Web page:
syncretic Syncretism is the combining of different beliefs and various schools of thought A school of thought, or intellectual tradition, is the perspective of a group of people who share common characteristics of opinion or outlook of a philosophy, Lis ...
philosophies, scientific discoveries, and technologies like
paper Paper is a thin sheet material Material is a substance Substance may refer to: * Substance (Jainism), a term in Jain ontology to denote the base or owner of attributes * Chemical substance, a material with a definite chemical composition ...

paper
and
gunpowder Gunpowder, also commonly known as black powder to distinguish it from modern smokeless powder, is the earliest known chemical explosive. It consists of a mixture of sulfur, carbon (in the form of charcoal) and potassium nitrate (saltpeter). The ...
. Thus, the Silk Road was a route not only for cultural as well as economic trade among the civilizations that used it. Diseases including plague spread along the Silk Road. In the present day, trade takes place on the Silk Road on land and on its maritime branch. There are several projects under the name of "New Silk Road" to expand the transport infrastructure in the area of the historic trade routes. The best known is probably the Chinese
Belt and Road Initiative The Belt and Road Initiative (BRI, or B&R), known in Chinese and formerly in English as One Belt One Road ( zh, link=no, 一带一路) or OBOR for short, is a global infrastructure development Development or developing may refer to: Art ...

Belt and Road Initiative
(BRI). In June 2014,
UNESCO The United Nations Educational, Scientific and Cultural Organization (UNESCO) (french: Organisation des Nations unies pour l'éducation, la science et la culture) is a specialised agency United Nations Specialized Agencies are autonomous orga ...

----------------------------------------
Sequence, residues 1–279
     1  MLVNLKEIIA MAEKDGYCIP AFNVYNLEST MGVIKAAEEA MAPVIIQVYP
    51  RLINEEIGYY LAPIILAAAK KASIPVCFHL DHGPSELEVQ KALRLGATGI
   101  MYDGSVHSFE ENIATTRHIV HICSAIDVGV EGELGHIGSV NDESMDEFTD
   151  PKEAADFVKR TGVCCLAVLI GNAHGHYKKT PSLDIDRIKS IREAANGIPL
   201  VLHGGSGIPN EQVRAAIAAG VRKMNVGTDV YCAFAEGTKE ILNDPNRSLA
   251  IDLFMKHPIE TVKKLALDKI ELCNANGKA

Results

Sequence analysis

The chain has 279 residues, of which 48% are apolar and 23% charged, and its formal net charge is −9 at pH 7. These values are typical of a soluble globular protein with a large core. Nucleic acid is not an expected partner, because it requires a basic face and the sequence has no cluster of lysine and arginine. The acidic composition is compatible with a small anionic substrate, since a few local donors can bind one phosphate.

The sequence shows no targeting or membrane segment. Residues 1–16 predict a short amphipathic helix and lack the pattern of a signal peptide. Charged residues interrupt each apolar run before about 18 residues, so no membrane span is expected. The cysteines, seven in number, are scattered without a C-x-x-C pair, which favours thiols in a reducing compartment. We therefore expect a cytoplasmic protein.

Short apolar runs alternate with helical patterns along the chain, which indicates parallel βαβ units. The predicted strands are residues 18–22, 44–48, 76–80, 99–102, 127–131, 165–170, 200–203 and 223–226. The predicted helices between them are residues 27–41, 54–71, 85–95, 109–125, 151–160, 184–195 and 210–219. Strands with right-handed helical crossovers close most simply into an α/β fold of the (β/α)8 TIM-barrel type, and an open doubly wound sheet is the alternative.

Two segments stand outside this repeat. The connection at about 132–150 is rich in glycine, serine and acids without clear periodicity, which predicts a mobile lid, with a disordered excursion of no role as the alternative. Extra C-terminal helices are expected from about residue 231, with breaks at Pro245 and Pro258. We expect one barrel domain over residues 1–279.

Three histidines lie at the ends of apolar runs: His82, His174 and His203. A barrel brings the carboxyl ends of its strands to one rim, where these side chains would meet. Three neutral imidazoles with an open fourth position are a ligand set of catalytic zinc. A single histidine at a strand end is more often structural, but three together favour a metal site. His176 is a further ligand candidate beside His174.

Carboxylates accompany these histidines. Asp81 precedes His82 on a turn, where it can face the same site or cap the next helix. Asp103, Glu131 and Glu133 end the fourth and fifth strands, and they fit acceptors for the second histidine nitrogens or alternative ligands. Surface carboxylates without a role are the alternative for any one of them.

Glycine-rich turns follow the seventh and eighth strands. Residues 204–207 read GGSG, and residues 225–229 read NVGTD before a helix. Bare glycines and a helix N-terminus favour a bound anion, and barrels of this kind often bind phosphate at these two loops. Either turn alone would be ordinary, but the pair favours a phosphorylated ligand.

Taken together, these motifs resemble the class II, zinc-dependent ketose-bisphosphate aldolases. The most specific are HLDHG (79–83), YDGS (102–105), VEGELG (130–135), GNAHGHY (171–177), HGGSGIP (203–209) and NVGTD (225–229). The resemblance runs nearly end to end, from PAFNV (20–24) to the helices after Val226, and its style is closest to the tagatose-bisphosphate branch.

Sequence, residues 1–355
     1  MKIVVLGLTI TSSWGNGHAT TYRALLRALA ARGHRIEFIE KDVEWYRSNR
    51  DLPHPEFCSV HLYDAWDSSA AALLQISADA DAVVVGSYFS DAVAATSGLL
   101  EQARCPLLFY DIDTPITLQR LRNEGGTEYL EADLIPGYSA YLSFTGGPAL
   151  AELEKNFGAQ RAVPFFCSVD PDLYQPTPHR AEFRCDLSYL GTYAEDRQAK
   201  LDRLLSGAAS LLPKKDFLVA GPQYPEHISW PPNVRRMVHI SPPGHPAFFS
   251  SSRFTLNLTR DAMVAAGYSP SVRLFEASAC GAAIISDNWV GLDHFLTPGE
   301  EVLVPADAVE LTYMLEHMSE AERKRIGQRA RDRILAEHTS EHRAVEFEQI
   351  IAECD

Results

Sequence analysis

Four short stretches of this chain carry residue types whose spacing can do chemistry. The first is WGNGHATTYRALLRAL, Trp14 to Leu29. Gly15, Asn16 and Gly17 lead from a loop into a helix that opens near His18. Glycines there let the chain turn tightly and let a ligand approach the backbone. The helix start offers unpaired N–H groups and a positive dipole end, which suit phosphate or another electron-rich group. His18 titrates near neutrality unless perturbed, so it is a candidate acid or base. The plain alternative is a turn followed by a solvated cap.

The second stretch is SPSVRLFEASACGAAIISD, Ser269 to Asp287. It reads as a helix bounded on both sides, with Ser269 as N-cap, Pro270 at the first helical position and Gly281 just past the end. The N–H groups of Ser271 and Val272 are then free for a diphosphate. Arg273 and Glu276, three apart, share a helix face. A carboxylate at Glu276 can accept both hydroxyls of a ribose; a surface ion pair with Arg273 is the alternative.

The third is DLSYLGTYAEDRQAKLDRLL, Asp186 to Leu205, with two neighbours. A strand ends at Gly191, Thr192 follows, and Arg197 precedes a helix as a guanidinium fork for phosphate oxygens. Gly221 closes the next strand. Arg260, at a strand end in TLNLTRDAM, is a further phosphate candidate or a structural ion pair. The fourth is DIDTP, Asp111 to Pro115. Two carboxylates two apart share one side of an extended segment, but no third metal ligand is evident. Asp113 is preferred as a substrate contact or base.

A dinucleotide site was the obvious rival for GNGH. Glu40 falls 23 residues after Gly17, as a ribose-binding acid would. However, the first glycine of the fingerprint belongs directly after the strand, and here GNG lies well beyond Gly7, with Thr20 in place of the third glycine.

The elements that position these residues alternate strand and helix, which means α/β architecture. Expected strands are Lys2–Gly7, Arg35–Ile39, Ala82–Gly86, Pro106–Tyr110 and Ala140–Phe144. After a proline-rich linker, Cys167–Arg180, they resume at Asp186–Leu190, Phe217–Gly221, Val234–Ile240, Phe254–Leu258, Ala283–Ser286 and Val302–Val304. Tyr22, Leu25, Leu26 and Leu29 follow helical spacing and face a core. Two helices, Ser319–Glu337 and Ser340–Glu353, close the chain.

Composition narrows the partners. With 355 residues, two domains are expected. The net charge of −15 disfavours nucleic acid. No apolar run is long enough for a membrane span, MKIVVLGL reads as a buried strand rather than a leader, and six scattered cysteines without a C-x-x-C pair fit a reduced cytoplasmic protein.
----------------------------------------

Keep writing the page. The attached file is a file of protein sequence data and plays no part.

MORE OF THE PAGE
UNESCO
designated the Chang'an-Tianshan corridor of the Silk Road as a
World Heritage Site A World Heritage Site is a landmark or area with legal protection by an international convention administered by the United Nations Educational, Scientific and Cultural Organization (UNESCO). World Heritage Sites are designated by UNESCO for h ...
. The Indian portion is on the tentative site list.


Name

The Silk Road derives its name from the lucrative trade in
silk Silk is a natural Nature, in the broadest sense, is the natural, physical, material world or universe The universe ( la, universus) is all of space and time and their contents, including planets, stars, galaxies, and all o ...

silk
, first developed in China and a major reason for the connection of trade routes into an extensive transcontinental network.Waugh (2007), p. 4. It derives from the German term ' (literally "Silk Road") and was first popularized in 1877 by
Ferdinand von Richthofen Baron Ferdinand Freiherr von Richthofen (5 May 18336 October 1905), better known in English as was a German traveller, geographer A geographer is a physical scientist, social scientist and humanist whose area of study is geography, the stu ...

Ferdinand von Richthofen
, who made seven expeditions to China from 1868 to 1872. Warwick Ball (2016), ''Rome in the East: Transformation of an Empire'', 2nd edition, London & New York: Routledge, , p. 156 However, the term itself has been in use in decades prior. The alternative translation "Silk Route" is also used occasionally. Although the term was coined in the 19th century, it did not gain widespread acceptance in academia or popularity among the public until the 20th century. The first book entitled ''The Silk Road'' was by Swedish geographer